Tim Johnson’s first challenge: Getting his feet under him
I hope Tim Johnson has a pair of boots with sticky soles.
Or better yet, the new Baker City manager ought to buy a pair of those metal-studded rubber webs that you stretch tight over your footwear.
There’s still ice around despite the recent thaw, and it makes for treacherous going.
Of course that’s not the only sort of traction Johnson needs to worry about.
He is, after all, starting a job where he has seven bosses.
Which is six more than most of us have to try to please.
Besides which, three of those bosses — which is just one short of a ruling majority — didn’t even want to hire Johnson to run City Hall.
None of his several relatively recent predecessors, dating back 25 years or so, was picked by a City Council as divided as this current version seems to be.
The Council’s motion to offer Johnson the job on Dec. 18 played out almost precisely as did the motion, made on June 9, to fire Steve Brocato.
Councilors Dennis Dorrah, Beverly Calder, Aletha Bonebrake and Clair Button voted to hire Johnson — and to fire Brocato.Councilors Andrew Bryan and Sam Bass voted against both motions.
The only difference was that Councilor Milo Pope, who voted no on the motion to fire Brocato, was absent from the Dec. 18 meeting. Pope did, however, write a letter to his fellow councilors in which he made it clear that had he been present he would have voted against the motion to hire Johnson.
Nonetheless, I don’t think Johnson’s situation is as tenuous as that 4-to-3 ratio implies.
If he does a good job I suspect he’ll soon gain the respect and support of even that trio of skeptical councilors.
Pope, for instance, told me: “I think Tim Johnson should succeed. I want him to succeed. I will help him succeed. I will not undermine him in any way.”
I expect no less from Pope or from any councilor. And I have no reason to believe that he, or any of his six colleagues, will fall short of my expectations.
A city manager’s position tends to be pretty precarious even in less volatile political circumstances.
Unlike many professions, city managers often have more trouble keeping a job than getting one.
Which is hardly surprising, when you think about it.
For one thing there is that matter of multiple bosses — bosses who change every two or four years depending on how the election turns out.
For another, city managers inevitably must answer “no” occasionally to business owners and developers and other people who are not accustomed to being denied anything.
And because city managers also tend to have forceful personalities, clashes are pretty much a certainty.
An investigator for the Idaho firm that the city hired to check Johnson’s background interviewed Johnson by telephone on Dec. 16.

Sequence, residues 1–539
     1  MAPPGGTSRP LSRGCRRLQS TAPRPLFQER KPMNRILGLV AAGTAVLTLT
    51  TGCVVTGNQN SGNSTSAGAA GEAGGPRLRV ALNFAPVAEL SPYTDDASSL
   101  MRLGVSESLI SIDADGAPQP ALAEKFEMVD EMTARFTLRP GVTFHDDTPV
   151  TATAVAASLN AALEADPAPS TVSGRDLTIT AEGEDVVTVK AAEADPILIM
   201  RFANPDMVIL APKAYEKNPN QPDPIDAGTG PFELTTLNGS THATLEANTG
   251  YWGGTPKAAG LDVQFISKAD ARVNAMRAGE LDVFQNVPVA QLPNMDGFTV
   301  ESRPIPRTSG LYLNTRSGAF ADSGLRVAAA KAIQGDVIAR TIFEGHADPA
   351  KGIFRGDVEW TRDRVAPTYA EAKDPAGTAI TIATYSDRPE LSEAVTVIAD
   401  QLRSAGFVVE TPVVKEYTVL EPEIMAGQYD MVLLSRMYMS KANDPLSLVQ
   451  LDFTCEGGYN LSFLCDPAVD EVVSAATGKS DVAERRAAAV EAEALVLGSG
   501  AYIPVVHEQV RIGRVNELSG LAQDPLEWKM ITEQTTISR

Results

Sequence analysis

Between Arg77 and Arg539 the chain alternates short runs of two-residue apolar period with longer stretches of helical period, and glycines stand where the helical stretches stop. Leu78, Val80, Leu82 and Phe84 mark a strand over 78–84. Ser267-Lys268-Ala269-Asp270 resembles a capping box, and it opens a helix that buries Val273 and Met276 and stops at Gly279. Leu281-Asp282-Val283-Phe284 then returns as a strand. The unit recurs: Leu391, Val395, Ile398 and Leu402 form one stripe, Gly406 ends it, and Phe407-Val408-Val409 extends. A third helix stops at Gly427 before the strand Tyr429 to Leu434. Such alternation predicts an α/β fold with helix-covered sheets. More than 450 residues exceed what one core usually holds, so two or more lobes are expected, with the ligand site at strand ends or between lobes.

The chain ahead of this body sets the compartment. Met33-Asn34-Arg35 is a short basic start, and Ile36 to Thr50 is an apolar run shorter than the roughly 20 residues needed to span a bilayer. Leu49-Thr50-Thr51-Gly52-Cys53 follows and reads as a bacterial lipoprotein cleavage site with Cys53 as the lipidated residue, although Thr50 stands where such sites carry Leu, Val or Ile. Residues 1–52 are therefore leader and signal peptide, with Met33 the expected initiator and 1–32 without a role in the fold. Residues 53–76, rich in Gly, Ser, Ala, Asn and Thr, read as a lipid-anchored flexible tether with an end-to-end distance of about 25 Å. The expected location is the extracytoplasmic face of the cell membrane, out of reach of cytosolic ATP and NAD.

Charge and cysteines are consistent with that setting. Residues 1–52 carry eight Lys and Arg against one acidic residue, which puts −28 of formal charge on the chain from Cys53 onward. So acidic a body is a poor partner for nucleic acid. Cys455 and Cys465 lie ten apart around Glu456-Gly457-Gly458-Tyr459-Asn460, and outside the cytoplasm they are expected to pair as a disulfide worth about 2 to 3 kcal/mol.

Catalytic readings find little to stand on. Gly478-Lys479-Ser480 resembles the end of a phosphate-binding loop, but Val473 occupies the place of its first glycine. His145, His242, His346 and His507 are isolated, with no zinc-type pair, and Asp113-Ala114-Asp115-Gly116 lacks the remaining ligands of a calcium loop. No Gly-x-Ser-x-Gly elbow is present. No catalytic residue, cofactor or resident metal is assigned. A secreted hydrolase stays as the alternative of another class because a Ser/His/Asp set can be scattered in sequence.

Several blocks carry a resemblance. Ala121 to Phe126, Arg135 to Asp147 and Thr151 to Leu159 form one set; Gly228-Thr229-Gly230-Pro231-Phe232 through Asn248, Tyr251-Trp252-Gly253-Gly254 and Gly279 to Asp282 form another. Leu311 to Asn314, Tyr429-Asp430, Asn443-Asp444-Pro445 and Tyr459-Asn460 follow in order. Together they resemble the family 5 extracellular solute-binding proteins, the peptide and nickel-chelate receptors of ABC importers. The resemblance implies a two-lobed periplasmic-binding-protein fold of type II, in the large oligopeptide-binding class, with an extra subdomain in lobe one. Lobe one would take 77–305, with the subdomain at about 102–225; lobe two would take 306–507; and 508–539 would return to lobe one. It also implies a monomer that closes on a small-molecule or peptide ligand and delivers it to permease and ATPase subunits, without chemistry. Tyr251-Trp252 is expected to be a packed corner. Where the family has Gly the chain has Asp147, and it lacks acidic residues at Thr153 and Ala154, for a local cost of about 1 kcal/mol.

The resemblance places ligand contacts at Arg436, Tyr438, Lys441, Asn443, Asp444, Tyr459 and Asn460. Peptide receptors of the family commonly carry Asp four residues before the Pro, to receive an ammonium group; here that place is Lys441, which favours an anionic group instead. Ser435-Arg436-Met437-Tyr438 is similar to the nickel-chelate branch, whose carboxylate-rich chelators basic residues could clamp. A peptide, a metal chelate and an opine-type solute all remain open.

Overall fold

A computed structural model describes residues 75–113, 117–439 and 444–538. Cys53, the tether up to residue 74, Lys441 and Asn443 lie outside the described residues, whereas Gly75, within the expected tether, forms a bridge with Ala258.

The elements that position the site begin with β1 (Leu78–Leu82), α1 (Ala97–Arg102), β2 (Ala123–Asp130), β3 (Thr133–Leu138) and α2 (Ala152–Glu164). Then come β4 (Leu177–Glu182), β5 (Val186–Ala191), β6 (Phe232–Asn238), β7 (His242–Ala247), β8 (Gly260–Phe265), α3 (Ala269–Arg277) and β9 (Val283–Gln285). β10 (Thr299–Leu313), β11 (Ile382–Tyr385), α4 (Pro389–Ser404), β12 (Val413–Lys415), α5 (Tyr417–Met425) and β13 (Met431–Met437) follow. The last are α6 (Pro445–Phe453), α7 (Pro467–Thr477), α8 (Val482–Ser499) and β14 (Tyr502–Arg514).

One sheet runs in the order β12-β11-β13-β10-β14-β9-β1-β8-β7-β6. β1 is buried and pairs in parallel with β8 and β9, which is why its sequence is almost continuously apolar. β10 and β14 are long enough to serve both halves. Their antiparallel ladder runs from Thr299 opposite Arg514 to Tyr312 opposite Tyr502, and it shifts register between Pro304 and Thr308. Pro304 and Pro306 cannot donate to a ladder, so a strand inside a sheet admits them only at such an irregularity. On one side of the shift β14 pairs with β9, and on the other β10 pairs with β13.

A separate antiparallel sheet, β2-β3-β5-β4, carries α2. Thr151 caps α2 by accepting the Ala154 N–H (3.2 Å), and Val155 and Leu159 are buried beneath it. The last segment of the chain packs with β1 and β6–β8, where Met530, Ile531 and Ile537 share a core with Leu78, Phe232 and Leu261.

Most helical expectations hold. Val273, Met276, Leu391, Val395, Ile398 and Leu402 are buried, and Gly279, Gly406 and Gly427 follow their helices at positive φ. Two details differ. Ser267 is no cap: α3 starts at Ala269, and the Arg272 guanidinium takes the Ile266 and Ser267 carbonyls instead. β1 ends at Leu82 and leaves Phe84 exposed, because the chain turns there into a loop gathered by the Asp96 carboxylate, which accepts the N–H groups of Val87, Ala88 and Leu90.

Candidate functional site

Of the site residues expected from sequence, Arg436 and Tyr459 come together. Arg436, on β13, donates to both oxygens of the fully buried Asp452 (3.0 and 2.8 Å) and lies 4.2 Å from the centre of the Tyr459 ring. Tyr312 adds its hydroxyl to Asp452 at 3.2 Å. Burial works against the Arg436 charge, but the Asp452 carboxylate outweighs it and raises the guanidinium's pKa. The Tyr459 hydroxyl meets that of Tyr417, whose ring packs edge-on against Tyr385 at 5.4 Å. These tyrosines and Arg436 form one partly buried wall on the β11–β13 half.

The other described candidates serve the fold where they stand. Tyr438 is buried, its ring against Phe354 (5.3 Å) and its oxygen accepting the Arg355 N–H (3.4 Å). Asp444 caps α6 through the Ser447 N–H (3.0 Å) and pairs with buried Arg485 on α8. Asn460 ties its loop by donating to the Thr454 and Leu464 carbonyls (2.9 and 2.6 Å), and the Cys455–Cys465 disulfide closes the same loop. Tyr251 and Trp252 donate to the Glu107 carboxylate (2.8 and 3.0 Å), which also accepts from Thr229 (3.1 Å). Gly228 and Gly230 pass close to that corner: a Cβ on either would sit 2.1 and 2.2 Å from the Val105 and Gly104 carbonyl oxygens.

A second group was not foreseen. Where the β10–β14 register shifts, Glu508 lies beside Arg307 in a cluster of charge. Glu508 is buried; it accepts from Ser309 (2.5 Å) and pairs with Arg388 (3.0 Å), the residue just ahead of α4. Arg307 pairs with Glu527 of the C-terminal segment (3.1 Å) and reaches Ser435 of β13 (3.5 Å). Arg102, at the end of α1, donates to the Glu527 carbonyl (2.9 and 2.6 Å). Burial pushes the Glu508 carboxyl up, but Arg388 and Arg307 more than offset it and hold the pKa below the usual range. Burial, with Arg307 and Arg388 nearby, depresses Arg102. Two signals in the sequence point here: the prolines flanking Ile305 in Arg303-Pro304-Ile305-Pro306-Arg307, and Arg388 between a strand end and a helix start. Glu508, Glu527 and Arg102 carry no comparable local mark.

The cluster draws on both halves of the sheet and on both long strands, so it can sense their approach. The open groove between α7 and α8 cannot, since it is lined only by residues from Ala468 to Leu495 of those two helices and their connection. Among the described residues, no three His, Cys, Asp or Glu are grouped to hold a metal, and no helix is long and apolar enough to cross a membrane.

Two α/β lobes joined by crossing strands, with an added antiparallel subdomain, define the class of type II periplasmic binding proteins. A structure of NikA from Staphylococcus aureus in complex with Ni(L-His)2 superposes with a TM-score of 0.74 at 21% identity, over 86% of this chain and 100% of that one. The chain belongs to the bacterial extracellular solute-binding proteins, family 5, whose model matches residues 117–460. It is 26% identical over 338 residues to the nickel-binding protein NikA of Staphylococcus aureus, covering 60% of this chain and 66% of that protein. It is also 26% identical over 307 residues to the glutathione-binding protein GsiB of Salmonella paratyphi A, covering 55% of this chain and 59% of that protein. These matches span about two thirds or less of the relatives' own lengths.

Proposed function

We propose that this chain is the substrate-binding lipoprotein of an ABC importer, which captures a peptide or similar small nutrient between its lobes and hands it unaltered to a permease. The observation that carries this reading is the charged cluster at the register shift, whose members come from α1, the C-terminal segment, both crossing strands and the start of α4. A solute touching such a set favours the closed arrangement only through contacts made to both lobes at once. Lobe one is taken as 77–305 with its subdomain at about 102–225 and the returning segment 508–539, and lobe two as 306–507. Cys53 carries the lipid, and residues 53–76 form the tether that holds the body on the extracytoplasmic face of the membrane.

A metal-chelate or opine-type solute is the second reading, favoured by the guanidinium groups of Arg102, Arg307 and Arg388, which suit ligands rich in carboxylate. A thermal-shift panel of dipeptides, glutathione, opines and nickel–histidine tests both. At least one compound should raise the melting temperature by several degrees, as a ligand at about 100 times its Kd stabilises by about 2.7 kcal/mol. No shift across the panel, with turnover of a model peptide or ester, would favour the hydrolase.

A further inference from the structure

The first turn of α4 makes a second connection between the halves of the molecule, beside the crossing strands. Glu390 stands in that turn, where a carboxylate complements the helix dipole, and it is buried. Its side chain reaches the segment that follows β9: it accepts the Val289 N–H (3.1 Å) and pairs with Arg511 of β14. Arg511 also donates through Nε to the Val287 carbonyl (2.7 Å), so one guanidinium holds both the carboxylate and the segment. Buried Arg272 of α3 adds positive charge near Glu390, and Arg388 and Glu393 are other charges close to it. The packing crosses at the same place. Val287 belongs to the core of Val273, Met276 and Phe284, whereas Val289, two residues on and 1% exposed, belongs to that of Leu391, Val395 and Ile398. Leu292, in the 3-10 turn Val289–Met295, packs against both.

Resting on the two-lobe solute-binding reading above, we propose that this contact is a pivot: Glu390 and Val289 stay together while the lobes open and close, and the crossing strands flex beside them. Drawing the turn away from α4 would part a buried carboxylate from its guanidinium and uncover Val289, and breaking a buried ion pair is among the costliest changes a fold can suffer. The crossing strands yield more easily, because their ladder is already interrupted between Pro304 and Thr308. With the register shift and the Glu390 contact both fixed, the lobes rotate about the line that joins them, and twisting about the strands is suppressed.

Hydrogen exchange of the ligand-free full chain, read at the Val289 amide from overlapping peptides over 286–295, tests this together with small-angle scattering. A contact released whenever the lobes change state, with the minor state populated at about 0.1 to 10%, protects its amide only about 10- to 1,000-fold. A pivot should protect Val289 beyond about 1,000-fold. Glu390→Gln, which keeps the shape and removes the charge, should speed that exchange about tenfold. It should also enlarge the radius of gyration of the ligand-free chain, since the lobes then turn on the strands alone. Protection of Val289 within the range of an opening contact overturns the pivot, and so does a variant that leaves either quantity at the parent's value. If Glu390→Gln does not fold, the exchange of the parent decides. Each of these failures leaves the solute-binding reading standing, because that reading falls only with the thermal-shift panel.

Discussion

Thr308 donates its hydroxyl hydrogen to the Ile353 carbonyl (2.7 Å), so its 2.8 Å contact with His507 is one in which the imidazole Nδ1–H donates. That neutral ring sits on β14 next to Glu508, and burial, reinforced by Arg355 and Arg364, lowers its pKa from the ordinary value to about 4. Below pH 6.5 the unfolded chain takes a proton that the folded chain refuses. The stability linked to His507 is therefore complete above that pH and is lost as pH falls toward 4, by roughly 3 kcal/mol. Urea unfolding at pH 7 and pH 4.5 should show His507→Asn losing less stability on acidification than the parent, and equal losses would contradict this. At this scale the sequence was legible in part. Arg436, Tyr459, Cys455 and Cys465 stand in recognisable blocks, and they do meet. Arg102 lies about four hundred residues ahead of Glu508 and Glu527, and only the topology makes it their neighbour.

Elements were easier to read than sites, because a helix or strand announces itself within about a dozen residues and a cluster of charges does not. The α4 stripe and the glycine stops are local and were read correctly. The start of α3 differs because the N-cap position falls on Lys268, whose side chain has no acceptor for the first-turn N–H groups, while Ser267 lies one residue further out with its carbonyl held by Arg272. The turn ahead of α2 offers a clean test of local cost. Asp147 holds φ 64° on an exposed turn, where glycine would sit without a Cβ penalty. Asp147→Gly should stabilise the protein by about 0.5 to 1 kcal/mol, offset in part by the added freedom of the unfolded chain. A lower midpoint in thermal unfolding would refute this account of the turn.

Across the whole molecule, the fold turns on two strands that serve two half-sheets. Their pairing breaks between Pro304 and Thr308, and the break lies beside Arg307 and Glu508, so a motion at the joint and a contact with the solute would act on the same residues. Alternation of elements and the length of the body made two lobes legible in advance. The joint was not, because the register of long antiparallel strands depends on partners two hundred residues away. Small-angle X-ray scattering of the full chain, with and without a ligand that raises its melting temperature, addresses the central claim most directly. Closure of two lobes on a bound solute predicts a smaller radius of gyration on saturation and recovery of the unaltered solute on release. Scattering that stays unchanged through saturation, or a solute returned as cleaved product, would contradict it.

The investigator wrote that he “found Johnson to be very boastful of his accomplishments and it was easy to see how he could be perceived as having an arrogant personality.”
The adjectives “boastful” and “arrogant” have negative connotations — either one fits neatly into a sentence right before, say, “jerk.”
But it seems to me that the difference is thin indeed between confidence, a quality which our society celebrates, and arrogance, which in the main we abhor.
And I’ve never met a city manager whose confidence wasn’t palpable.
Ultimately, I think that whatever disadvantage Johnson has due to the contention among the city councilors who will decide his future, is balanced by a couple of factors.
First, Johnson, unlike previous city managers, will have a contract that guarantees him severance pay.
A majority of the City Council can still fire him at any time, as per the city charter. Yet it seems to me that councilors will be less likely to make hasty decisions when they know that firing Johnson would cost the city thousands of dollars (in addition to the tab for the recruitment process).
Second, Johnson will be supervising a workforce that has proved itself capable of immense loyalty to its leader.
More than a dozen city employees attended the June 9 meeting during which the Council fired Brocato.
Several of those workers castigated councilors that night, and some of them later helped with the failed campaign to recall Calder and Dorrah.
Brocato’s critics contend that he in essence bought city employees’ loyalty by giving them exorbitant pay raises.
But I’ve looked at the numbers and the case seems to me a flimsy one.
Some workers who supported Brocato fared about the same, financially speaking, when Gordon Zimmerman was signing their paychecks.
Yet when the Council forced Zimmerman to resign in March 2003, there wasn’t, at least publicly, so much as a whimper of protest from City Hall.
I’ve not yet met Tim Johnson but I think it more likely than not that he’ll succeed here.
And I’m all but certain that he will, at the least, have a fair chance to prove himself worthy of his title.